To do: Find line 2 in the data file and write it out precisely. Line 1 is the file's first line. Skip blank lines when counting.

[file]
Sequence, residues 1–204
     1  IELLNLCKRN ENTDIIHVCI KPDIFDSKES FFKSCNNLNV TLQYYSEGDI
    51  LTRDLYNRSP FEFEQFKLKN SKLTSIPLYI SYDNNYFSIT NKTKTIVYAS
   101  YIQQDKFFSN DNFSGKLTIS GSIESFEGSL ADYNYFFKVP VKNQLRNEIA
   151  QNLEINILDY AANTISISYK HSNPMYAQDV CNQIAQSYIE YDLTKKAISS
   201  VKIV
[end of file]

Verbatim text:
     1  IELLNLCKRN ENTDIIHVCI KPDIFDSKES FFKSCNNLNV TLQYYSEGDI